Place fields tied to a single grid cell in a rat’s entorhinal cortex.
From Hafting, Fyhn, Molden, Moser, and Moser, “Microstructure of a spatial map in the entorhinal cortex,” Nature, 11 August 2005. By permission of the authors.
I wanted to give a heads-up and a link to a set of blog posts on spatial cognition that ScienceBlog readers might find of interest. These posts compose the first installment in Mind Matters, a new, researcher-authored “seminar blog” that (full disclosure dept:) I conceived, and yesterday launched, at sciam.com, the Scientific American website.
In their posts, cogntive scientists James J. Knierim and A. David Redish describe and discuss the August 11, 2005, Nature paper that announced the discovery of grid cells, which was perhaps the biggest thing to happen in spatial cognition in 30 years.
The beauty of spatial cognition was long lost on me. But lately I’ve found nothing, other than my children’s antics and my wife’s voice, so absorbing. At its most basic, spatial cognition simply refers to the neural mechanisms by which we understand and navigate space: How we learn routes, extrapolate maps, orient ourselves when lost. These mechanisms are fascinating in their own right. But they are made trebly absorbing by the many suggestions that the mechanisms that we use for finding our way around underlie our broader, more abstract powers of memory, cognition, and even emotion — that we navigate life, in short, much as a rat does a maze.
As Knierim and Redish describe, few discoveries have done more to advance this view than the grid cell discovery. A clever and personable team at the Center for the Biology of Memory in Trondheim, Norway made the discovery, which beggars the imagination. Searching the entorhinal cortex for what they thought would be some vague set of inputs feeding the hippocampus (where place cells and other assets help us find our way around), they discovered that certain cells in the rat’s brain, which they dubbed cells, project a rolling, multilayered, virtual gridwork over the landscape that tracks the rat’s location and movement. Tens of thousands of these virtual grids tesselate the rat’s world. No two grids are the same, and each is tied to a single grid cell. In ensemble, with one grid or another firing virtually everywhere the rat goes, they generate massive data that the rat, exercising impressive computational powers, uses to track its own location.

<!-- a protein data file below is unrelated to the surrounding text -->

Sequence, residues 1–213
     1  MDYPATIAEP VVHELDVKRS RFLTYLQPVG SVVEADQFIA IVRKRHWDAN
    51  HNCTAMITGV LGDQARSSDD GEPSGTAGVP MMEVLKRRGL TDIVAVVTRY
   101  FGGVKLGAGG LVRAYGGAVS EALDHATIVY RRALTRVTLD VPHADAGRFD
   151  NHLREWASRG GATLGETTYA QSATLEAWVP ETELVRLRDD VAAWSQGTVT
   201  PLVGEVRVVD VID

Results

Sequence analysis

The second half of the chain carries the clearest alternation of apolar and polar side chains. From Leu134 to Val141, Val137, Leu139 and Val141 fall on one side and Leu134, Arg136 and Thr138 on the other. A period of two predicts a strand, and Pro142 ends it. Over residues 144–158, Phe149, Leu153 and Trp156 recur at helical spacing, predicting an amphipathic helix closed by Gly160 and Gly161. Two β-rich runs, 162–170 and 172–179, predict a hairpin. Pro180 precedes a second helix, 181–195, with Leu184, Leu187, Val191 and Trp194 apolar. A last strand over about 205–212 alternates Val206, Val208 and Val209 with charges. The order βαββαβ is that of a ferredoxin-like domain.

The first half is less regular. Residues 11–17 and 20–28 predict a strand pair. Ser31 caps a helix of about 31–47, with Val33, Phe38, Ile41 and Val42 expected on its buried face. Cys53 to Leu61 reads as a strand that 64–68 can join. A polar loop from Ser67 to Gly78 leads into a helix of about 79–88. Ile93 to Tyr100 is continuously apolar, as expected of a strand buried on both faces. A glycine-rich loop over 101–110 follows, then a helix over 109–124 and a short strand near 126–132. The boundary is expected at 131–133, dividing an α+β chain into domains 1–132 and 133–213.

Ludicrously, almost impossibly elaborate and orderly. Yet there it was, as James Knierim puts it in his Mind Matters post — “a neural response property … so geometrically regular, so crystalline, so perfect” that it prompted Knierim, reading the paper at his desk, to mutter to himself, “‘This changes everything.’”
I can’t get enough of this stuff. If you’ve a taste for more, go here to read Knierim’s and Redish’s description and comments.